Sundried Tomato, Basil and Broccoli Dumplings with Lemon-Chive Aioli

(makes about 15)


¼ cup oil-packed sundried tomatoes, patted dry and finely chopped
¼ or more packed fresh basil leaves, rolled up and finely sliced into chiffonades
1 ½ cups broccoli crowns, finely chopped
½ cup fresh breadcrumbs (unseasoned)
Salt and pepper to taste


Combine all ingredients aside from the dumpling wrappers. Follow directions for folding and pan-frying dumplings. Serve with lemon-chive aioli. Recipe Below

Lemon-Chive Aioli


1 clove garlic
1 egg yolk, room temperature
1 cup extra-virgin olive oil (or substitute half-vegetable/canola oil and half-olive oil)
1 teaspoon or slightly more fresh lemon juice
¼ teaspoon Dijon mustard (optional)
Pinch of salt


Finely mince and pulverize the garlic clove by smashing against a cutting board with the side of a chef’s knife several times. In a medium bowl, combine the garlic with the egg yolk and beat with a whisk. While beating rapidly, slowly add a couple drops of the oil. Continue to drizzle in the oil very slowly while beating until mixture thickens and turns lighter. Add the lemon juice, mustard and salt to taste.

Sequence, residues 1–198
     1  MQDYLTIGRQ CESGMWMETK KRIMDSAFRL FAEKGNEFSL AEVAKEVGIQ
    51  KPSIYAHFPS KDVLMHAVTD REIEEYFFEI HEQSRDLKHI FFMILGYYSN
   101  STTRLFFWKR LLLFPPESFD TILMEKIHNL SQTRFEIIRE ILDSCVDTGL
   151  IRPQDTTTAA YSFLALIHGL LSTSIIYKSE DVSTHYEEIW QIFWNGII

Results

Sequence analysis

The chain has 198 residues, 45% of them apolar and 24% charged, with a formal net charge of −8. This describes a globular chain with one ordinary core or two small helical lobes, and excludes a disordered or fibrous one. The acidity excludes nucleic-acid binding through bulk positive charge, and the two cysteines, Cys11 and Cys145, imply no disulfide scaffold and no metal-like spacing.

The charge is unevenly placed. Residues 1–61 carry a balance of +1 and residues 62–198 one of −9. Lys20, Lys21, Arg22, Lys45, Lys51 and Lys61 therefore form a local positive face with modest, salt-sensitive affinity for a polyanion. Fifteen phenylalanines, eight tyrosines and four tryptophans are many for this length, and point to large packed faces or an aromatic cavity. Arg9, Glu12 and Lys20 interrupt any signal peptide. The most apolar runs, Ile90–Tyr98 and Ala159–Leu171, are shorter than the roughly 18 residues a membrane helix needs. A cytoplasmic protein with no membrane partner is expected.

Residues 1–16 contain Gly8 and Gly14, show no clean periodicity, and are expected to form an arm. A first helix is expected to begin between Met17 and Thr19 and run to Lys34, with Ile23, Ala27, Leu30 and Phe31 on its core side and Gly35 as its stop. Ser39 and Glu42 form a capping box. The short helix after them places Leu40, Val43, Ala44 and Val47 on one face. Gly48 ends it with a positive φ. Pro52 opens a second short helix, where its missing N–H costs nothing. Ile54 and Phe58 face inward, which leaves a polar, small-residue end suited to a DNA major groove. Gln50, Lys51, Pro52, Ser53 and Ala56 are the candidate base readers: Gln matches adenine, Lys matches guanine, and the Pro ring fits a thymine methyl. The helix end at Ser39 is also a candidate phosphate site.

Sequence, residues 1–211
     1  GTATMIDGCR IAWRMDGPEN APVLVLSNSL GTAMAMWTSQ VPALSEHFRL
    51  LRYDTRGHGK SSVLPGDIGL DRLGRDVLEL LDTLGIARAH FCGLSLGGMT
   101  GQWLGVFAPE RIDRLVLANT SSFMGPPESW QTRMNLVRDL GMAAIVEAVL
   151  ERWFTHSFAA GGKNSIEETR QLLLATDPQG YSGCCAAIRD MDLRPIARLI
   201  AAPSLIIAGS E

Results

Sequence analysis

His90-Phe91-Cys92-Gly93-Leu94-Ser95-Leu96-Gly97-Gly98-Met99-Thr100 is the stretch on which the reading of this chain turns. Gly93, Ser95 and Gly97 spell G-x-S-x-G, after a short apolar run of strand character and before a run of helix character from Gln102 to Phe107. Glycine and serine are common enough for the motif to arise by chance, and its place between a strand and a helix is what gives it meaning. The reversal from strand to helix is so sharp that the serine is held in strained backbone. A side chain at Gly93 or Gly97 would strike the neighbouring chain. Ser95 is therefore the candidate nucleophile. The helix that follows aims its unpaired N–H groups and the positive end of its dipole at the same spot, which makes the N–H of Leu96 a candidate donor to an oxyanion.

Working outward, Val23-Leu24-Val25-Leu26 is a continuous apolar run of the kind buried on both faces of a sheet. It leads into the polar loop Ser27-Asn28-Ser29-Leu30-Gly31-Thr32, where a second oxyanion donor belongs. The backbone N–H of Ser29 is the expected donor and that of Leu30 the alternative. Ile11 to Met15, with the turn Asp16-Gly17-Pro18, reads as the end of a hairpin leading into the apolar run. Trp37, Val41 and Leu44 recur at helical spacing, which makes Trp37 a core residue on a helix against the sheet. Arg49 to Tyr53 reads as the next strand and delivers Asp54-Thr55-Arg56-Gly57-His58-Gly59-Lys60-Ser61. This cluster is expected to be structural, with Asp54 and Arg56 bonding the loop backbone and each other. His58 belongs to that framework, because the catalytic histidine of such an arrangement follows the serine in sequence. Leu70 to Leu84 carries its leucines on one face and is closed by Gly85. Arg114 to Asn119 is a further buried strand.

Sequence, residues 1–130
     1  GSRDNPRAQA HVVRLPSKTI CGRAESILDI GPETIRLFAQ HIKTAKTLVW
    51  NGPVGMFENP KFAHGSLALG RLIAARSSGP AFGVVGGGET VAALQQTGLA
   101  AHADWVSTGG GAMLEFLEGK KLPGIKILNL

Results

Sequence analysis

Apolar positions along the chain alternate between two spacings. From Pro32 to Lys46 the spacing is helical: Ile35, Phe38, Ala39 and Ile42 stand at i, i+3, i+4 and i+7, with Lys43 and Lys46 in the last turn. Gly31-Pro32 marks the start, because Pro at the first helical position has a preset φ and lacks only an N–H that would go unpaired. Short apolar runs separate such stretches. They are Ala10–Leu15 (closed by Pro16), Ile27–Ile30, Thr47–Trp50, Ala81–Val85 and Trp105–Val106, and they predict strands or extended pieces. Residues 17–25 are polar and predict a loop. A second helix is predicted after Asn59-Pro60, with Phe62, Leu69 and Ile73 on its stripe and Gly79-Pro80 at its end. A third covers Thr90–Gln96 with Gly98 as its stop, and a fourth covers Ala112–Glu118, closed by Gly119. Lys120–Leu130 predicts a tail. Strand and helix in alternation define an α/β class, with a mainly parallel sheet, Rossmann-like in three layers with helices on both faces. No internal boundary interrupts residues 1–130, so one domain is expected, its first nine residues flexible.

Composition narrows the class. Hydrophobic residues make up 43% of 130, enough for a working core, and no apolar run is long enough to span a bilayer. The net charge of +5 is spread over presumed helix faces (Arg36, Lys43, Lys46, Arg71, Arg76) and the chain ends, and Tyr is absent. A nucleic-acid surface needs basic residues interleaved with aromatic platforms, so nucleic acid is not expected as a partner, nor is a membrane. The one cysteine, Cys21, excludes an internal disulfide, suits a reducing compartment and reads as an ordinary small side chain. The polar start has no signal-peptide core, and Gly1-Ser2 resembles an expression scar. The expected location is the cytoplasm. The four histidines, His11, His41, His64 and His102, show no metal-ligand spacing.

How to Fold the Dumplings

Placing a round dumpling skin flat on your hand, drop a tablespoon of filling into its center. Dip your finger into a small bowl of water and trace the edge of the wrapper. Fold the wrapper in half and make a pinch at the top; next, bring a piece of the edge about half an inch to the right of the pinch over to the pinch. (This will cause the wrapper to fold diagonally on the right hand side of the dumpling.) Bring a piece of the edge half an inch to the left over to the pinch next. Pinch the pieces you brought to the center shut and continue to seal the edges to the left and right until the dumpling is fully sealed. Place it down seal side-up; it should be shaped like a crescent from an aerial view.

How to Pan-Fry Dumplings

This technique is really a combination of steaming/boiling and frying the dumplings, to give its bottom a crispy, golden texture and to cook the noodle and filling through with the help of boiling water and steam. Nonstick pans work best in this situation.

Heat the oil in a large skillet that comes with a lid. Once the oil is hot, line the dumplings in a circle around the edge of the pan. Fill the center with as many dumplings as will fit – do not squash them against one another too much. Let cook on high for about 2 minutes. Add enough water to the pan to cover about one quarter of the height of the dumplings, reduce heat to medium, and cover. Let cook covered for about 4 minutes. Lift cover, and cook until all the water has evaporated. Remove the potstickers from the pan with a spatula (they will stick).

Recipe Property of Cathy Erway, author & food blogger